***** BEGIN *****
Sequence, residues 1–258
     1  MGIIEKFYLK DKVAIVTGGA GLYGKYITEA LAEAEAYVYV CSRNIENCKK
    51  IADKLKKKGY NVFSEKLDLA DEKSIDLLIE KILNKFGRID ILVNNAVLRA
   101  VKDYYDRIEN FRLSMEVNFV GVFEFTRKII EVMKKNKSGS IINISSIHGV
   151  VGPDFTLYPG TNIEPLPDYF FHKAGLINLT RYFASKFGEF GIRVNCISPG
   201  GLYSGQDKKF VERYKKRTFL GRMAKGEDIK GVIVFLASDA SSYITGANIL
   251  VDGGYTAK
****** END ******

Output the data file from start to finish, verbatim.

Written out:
Sequence, residues 1–258
     1  MGIIEKFYLK DKVAIVTGGA GLYGKYITEA LAEAEAYVYV CSRNIENCKK
    51  IADKLKKKGY NVFSEKLDLA DEKSIDLLIE KILNKFGRID ILVNNAVLRA
   101  VKDYYDRIEN FRLSMEVNFV GVFEFTRKII EVMKKNKSGS IINISSIHGV
   151  VGPDFTLYPG TNIEPLPDYF FHKAGLINLT RYFASKFGEF GIRVNCISPG
   201  GLYSGQDKKF VERYKKRTFL GRMAKGEDIK GVIVFLASDA SSYITGANIL
   251  VDGGYTAK